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Sue Spitulnik

Flash Fiction and personal thoughts

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parents

Teach Your Child

National Parents as Teachers Day caught my attention because I didn’t know if they meant to recognize those parents who teach in the public/private school system so have lots of “children”, or if it was a plug for every parent to work with their own child, like no one else can. I found it to be the later. I’m glad about that because I believe a parent should ultimately be responsible for guiding, helping, and praising their own child so they can do a better job while in the school system.

When I went to school we had a class for the girls called home economics in which we learned the basics of cooking, sewing, and ironing. The old attitude that those chores were ladies work was still strong. Funny thing is, most of the young people I know now, under the age of 35ish, the guy does the cooking, and hardly anyone sews. We have become a throw away society. I think that’s sad. It’s also a big waste!

Back to the subject. It is proven, the more time a parent spends nurturing a little one, the better they do in school, barring learning disabilities. The more books that are read to them at home, the easier time they have learning to read in school. It’s a healthy cycle, and the bond between parent and child is strengthened.

I’d like to take it another step. I don’t think teens learn in school what they need to get along in this world. Simple things like balancing a check book, how to comparison shop, how to save money and not rely on credit, how to fill out a simple tax return with no special deductions, and even how to budget their time. My suggestion to you parents is the next time you do one of these chores, to include your teenager so they will at least have been shown how. Note: I get they probably won’t be interested….bribe them if necessary! Teach them any chance you get. I applaud you for trying-in advance!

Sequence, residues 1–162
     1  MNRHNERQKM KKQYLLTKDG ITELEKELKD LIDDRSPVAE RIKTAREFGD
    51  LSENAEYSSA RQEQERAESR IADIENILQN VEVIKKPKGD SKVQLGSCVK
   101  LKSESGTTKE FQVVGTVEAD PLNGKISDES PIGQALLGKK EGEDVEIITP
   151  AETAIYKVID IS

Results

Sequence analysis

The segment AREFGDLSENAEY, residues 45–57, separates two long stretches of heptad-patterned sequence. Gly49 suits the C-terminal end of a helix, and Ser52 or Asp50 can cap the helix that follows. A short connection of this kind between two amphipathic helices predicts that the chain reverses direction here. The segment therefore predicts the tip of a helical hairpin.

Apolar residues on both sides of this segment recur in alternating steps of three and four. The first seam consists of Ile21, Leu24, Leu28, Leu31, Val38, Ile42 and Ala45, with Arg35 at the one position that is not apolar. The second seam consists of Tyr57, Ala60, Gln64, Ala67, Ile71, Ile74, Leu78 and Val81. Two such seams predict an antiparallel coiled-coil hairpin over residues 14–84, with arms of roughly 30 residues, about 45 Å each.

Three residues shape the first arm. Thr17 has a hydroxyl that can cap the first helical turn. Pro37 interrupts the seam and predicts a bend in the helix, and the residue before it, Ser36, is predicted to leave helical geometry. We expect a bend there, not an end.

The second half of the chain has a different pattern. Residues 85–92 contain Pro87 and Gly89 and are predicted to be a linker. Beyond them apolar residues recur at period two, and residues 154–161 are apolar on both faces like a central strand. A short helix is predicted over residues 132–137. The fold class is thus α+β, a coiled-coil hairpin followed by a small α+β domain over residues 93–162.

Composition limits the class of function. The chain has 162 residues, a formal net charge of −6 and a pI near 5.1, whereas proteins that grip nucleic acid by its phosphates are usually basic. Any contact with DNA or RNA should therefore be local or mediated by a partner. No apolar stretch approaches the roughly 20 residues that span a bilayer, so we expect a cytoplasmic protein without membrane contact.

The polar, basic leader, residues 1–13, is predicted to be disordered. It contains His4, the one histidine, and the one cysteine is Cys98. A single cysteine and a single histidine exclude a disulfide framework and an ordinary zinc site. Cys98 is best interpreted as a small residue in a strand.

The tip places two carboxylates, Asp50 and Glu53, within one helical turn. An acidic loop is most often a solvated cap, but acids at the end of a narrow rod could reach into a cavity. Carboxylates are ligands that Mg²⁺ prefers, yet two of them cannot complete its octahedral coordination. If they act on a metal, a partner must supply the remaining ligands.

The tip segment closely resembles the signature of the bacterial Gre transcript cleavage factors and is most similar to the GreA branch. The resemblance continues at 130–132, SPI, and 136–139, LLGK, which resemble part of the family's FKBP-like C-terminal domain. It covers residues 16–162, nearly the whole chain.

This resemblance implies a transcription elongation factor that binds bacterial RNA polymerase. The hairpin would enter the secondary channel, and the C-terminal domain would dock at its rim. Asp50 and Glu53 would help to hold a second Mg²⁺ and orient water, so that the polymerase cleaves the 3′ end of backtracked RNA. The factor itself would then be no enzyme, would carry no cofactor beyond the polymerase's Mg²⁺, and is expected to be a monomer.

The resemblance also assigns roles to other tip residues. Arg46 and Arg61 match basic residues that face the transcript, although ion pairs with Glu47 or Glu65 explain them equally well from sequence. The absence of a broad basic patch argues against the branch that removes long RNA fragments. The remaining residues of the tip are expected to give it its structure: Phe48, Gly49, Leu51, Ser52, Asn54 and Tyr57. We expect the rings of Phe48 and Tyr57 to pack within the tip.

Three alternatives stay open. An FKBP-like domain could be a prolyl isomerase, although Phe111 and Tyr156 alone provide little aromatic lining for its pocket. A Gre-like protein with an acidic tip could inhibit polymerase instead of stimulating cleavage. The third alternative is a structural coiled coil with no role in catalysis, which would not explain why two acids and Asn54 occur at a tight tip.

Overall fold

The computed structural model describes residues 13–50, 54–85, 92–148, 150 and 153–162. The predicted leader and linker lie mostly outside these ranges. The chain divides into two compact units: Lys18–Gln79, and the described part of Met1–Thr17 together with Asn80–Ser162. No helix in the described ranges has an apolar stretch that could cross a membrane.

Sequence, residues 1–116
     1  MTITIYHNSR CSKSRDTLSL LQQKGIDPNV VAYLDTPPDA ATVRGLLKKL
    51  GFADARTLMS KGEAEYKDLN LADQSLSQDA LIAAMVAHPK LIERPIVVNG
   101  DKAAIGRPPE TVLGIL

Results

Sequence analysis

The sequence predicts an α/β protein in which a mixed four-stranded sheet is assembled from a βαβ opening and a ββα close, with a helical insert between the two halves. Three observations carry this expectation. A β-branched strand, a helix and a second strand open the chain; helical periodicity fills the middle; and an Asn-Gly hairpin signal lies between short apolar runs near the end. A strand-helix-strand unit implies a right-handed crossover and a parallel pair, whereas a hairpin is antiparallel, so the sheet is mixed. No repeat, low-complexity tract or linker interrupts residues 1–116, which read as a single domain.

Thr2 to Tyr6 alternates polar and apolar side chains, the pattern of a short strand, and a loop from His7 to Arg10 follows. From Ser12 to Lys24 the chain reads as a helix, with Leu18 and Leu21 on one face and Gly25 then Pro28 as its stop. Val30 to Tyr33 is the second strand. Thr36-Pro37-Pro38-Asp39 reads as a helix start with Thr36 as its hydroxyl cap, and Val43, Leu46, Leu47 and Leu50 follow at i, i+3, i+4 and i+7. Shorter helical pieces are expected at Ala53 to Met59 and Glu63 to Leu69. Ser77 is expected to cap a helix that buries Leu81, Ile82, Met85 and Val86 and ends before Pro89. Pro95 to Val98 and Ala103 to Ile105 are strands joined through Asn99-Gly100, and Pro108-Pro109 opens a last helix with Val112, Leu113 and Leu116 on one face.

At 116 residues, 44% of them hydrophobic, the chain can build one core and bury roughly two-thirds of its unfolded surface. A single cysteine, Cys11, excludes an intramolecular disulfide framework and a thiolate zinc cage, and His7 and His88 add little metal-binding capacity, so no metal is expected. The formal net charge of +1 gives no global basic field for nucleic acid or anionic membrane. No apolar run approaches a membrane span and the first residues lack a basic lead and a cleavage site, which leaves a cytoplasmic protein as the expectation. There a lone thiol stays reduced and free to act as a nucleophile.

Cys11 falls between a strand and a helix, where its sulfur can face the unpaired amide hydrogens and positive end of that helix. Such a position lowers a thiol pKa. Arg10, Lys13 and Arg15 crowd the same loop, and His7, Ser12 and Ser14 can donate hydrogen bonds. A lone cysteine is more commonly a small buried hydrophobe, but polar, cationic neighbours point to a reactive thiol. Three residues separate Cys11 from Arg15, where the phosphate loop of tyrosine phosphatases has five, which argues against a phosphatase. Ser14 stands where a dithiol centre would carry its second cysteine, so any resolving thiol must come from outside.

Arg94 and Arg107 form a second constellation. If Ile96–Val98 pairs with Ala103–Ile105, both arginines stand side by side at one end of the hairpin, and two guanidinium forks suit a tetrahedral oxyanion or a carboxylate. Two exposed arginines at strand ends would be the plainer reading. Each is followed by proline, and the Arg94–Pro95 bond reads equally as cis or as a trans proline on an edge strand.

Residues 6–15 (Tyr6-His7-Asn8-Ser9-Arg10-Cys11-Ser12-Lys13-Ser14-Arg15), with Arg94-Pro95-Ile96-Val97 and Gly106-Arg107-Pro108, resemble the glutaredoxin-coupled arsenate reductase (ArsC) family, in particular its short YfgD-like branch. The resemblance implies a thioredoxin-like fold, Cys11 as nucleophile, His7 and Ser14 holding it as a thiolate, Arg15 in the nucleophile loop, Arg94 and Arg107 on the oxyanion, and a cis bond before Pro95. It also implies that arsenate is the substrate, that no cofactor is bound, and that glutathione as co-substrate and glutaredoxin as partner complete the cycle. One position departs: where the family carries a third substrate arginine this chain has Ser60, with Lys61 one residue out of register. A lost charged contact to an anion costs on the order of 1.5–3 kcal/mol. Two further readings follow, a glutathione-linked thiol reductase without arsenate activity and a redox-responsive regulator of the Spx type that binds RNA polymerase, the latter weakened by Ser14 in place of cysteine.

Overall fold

Visit your Child’s School?

The titles on the National Day of Calendar can evoke much different thoughts than what the day was actually set up to recognize.  When I saw the title, Take Your Parents to Lunch, I had visions of my adult children calling to invite me to meet them for lunch, during their work day.  That would be possible for me because I’m retired, and I could meet them at their place and time of choice; in my son’s case, an hour from my house.

Alas, when I read the description, it is meant for younger parents to visit their child’s school and go to lunch with them in the cafeteria.  Mostly to learn about the process and see what a good job the school does feeding their child.  I’m a dinosaur, parents didn’t visit us in school when I went to grade school.  [And we didn’t text all day either.]  I do know a lady who had lunch with her daughter every day in school through fifth grade.  That girl just graduated from high school and choose to go to  Arizona for college.  That’s a mighty long way from New York state. None of us wonder why except her Mom.  I guess you can be too involved.  I think the term for that now is a “helicopter mom”.  It’s not always easy to find a good balance that fits the mother’s and child’s emotional needs.

Sitting here, I can’t remember ever eating out with my father.  Stopping for ice cream, yes.  The only time I can remember doing it with my mother was at a church dinner.  But, we lived in rural New York state.  At that time, fast food places were only in the cities, and we didn’t go to restaurants unless it was a very special occasion.  Now, they are both gone, so I can’t take them to lunch.  I’m jealous of people my age that still have their folks to talk to and spend time with.

I’ll suggest you make this day work for you the way that is best for your circumstances.  Or maybe, borrow someone else’s parents to take out, just because you can.  Or call your own kids, and invite them out, without a reason.  Often times we don’t realize how fast time goes.  Take advantage while you can to take every opportunity to go to lunch with your children, or parents, or cousins, or neighbors, or special friends.

 

 

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